Seven major LCD display makers have agreed to pay more than $553 million for illegally conspiring to fix prices of thin film transistor (LFT) LCD panels used in television, computer and laptop screens. Samsung Electronics, Sharp and Chimei Innolux are paying the largest portion of the proposed multi-state antitrust settlement, which still requires court approval.
The companies are accused of colluding to artificially inflate the prices of LFT LCD panel prices for seven years, starting in 1999. This is just the latest sanction in an ongoing series of lawsuits and probes that have brought against the cartel by consumers, state and federal governments, and international organizations since 2006. Of this settlement amount, $501 million will be used to issue partial refunds to consumers in 24 states who purchased products that used the offending panels between 1999 and 2006. The companies are also paying $37 million to government and other public agencies that purchased the panels.
“This price-fixing scheme manipulated the playing field for businesses that abide by the rules, and left consumers to pay artificially higher costs for televisions, computers and other electronics,” New York Attorney General Eric Schneiderman said in a statement.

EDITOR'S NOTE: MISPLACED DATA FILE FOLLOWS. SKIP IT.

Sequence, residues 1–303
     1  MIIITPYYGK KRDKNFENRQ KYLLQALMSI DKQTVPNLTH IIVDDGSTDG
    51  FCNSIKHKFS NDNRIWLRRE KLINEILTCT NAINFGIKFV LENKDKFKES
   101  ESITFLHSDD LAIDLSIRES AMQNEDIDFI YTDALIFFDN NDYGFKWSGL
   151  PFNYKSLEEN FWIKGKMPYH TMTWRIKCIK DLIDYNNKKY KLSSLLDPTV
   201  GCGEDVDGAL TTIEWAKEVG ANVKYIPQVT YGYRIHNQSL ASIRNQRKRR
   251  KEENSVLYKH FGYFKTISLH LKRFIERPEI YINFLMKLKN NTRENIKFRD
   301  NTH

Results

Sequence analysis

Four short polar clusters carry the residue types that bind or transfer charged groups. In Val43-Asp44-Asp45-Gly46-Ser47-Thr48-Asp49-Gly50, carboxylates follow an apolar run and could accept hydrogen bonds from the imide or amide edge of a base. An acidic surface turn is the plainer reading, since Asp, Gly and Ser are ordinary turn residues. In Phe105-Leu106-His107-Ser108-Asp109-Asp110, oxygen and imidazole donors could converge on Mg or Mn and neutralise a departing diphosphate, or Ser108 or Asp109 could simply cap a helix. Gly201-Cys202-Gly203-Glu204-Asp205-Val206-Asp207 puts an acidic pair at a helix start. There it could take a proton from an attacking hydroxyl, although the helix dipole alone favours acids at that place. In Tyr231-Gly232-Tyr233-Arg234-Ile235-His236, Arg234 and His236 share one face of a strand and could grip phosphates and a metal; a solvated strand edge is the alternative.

So far, the companies and executives have racked up more than $890 million in fines, according to Reuters. In 2008, LG Display, Sharp and Chunghwa Picture Tubes plead guilty to criminal charges for the price fixing conspiracy and agreed to pay $585 million in fines. According to the Justice Department, the companies held meetings at which they agreed on a fixed price for the panels and exchanged sales information in order to keep the agreement in check.
Under this latest settlement, Samsung would pay the largest amount at $240 million. Sharp would pay $115.5 million, Chimei Innolux $110.3 million, Hitachi $29 million, and HannStar $25.7 million. The total amount could still rise, since some other defendants have not yet agreed to settle.
In addition to paying the latest fines, the companies have agreed to help prosecute other defendants.